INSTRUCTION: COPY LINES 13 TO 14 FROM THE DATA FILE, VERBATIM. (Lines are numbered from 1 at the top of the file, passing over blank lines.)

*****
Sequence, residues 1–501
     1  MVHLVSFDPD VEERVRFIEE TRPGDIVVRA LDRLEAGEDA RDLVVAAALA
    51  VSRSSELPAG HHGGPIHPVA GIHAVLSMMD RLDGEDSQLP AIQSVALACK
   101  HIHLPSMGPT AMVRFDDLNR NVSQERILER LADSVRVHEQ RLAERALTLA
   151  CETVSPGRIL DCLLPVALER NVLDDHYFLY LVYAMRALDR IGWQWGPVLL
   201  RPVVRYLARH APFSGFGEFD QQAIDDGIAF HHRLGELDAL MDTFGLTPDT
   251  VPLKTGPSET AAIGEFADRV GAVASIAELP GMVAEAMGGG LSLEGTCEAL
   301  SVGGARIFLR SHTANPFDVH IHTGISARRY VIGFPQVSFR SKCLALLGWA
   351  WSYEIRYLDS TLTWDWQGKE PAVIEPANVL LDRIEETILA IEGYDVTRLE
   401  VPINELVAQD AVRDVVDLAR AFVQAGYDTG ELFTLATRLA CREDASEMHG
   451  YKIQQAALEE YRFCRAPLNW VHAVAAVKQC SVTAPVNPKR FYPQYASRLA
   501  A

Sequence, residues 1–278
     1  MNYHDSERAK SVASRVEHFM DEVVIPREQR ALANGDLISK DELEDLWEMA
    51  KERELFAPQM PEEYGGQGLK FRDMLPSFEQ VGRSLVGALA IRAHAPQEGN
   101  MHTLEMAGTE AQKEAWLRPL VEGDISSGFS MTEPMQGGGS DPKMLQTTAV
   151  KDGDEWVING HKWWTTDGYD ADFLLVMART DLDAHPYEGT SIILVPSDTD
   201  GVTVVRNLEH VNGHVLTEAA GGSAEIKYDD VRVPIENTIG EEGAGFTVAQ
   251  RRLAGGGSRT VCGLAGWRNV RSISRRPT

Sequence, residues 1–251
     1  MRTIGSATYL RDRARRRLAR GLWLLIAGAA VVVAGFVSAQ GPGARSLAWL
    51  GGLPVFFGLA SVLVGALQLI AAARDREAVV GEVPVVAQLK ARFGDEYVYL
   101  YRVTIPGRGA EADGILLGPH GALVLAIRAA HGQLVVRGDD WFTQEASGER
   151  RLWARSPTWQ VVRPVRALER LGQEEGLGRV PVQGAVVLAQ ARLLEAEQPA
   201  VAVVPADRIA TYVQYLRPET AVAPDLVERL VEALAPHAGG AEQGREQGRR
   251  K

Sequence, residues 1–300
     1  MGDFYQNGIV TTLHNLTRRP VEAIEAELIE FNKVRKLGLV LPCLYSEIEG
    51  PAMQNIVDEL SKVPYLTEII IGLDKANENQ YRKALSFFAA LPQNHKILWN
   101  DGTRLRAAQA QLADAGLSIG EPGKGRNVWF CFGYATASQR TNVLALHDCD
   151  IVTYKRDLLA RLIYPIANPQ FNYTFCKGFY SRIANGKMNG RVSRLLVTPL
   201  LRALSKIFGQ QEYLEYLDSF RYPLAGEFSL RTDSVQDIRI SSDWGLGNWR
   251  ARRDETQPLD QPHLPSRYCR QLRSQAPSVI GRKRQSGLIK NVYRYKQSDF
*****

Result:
Sequence, residues 1–278
     1  MNYHDSERAK SVASRVEHFM DEVVIPREQR ALANGDLISK DELEDLWEMA